Do you know how to choose the best software architecture for your system?

Last updated by Tylah Kapa [SSW] 16 days ago.See history

Choosing the right software architecture for your system is crucial for its success and maintainability. Making the wrong choice can lead to increased complexity, difficulty in scaling, and higher costs.

Here are some of the popular architectures and factors to consider when deciding the best fit for your project:

Clean Architecture

Clean Architecture emphasizes separation of concerns, making your system easier to maintain and scale. This architecture is designed to keep the business logic independent of the frameworks and tools, which helps in achieving a decoupled and testable codebase.

See more on Rules to Better Clean Architecture.

You can find our CA template on GitHub

Vertical Slice Architecture

Vertical Slice Architecture structures your system around features rather than technical layers. Each feature is implemented end-to-end, including UI/API, business logic, and data access. This approach improves maintainability and reduces the risk of breaking changes.

This modular approach to software development can introduce inexperienced teams to the idea of shipping features as functional units with no shared knowledge of the domain entities, infrastructure layer, or application layer within another subsystem, further preparing them for future develeopment environments that may use Modular Monolith or Microservices Architecture.

You can find our VSA template on GitHub

Modular Monolith

A Modular Monolith organizes the system into modules that encapsulate specific functionalities. While it runs as a single application, it retains some benefits of microservices, such as independent module development and testing. It’s a good middle-ground between a monolith and microservices.

See more on Rules to Better Modular Monoliths.

Microservices

Microservices architecture involves splitting the application into small, independently deployable services. Each service focuses on a specific business capability and can be developed, deployed, and scaled independently. This approach is beneficial for complex and large-scale applications with multiple teams working on different parts.

See more on Rules to Better Microservices.

Architecture Decision Tree

architecture decision tree v2
Architecture Decision Tree

It's important to keep in mind that these architectures are not mutually exclusive.

Within a Modular Monolith Architecture, each module could be implemented using Clean Architecture or Vertical Slice Architecture. Similarly, a Microservices Architecture could use Clean Architecture or Vertical Slice Architecture within each service.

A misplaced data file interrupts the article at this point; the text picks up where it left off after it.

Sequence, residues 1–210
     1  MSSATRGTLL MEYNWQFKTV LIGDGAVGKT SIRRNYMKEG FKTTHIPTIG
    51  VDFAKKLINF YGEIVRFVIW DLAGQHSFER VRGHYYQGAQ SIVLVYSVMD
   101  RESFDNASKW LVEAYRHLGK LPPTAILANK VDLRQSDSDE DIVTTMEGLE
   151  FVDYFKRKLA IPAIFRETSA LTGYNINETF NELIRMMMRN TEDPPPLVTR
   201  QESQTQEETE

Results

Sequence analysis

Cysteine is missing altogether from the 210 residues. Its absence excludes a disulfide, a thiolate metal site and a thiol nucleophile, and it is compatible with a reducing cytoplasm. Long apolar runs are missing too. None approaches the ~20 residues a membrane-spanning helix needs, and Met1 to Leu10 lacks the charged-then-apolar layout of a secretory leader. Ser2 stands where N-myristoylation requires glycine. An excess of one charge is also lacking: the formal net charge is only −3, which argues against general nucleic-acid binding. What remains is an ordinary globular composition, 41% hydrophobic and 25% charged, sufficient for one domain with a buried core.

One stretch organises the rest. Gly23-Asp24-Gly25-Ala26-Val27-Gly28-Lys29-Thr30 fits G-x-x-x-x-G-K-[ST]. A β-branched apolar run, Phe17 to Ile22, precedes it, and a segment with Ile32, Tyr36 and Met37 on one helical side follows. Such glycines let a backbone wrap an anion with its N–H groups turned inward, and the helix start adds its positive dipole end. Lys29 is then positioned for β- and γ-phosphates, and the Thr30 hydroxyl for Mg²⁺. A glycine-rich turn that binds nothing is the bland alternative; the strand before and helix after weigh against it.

Also, from a pragmatic point of view a combination of Modular Monolith and Microservices might provide the best of both worlds. The majority of the system could be implemented as a Modular Monolith, with a few key services implemented as Microservices to provide scalability and flexibility where needed.

Factors to Consider

  • Are your requirements certain?
    If requirements are likely to change, Clean Architecture or Vertical Slice Architecture can offer more flexibility.
  • Do you have multiple domains?
    For applications with multiple domains, Modular Monoliths or Microservices can provide better separation and modularity.
  • Do you have many teams? If you have many teams, Microservices or Modular Monolith can help in reducing inter-team dependencies and allow parallel development.
  • Do you need independent deployments? If independent deployments are necessary, Microservices is the best choice due to its isolated nature.
  • Do you need independent scalability? Microservices allow each service to be scaled independently based on its specific needs, which can be more efficient and cost-effective.
  • Do you have DevOps maturity? Microservices require a mature DevOps culture to manage deployments, monitoring, and scaling effectively. Without this, the overhead can be overwhelming.
  • Is the team experienced? The complexity of Microservices can be challenging for less experienced teams. Vertical Slice Architecture although simple, has fewer guardrails when compared to Clean Architecture and can lead to a mess if not managed correctly. This leads to recommending Clean Architecture for less experienced teams that need more structure.

Examples

Here are some practical scenarios to illustrate the decision-making process:

Scenario 1: Startup with uncertain requirements

You are building an MVP with a small team and expect the requirements to evolve rapidly.

Choice: Clean Architecture or Vertical Slice Architecture - These architectures offer flexibility and are easier to refactor as requirements change.

Scenario 2: Medium-sized business with limited DevOps maturity

You have a mid-sized team, and your organization is still developing its DevOps practices.

Choice: Modular Monolith - A Modular Monolith provides some modularity benefits without the full complexity of Microservices, making it easier to manage with limited DevOps capabilities.

Scenario 3: Large enterprise with multiple domains and teams

You are developing a large-scale application with multiple business domains and have several teams working in parallel.

Choice: Microservices - Microservices allow independent development, deployment, and scaling, which suits large and complex applications.

By carefully considering these factors and understanding the strengths and limitations of each architectural style, you can choose the best architecture for your system, ensuring a balance between flexibility, scalability, and maintainability.

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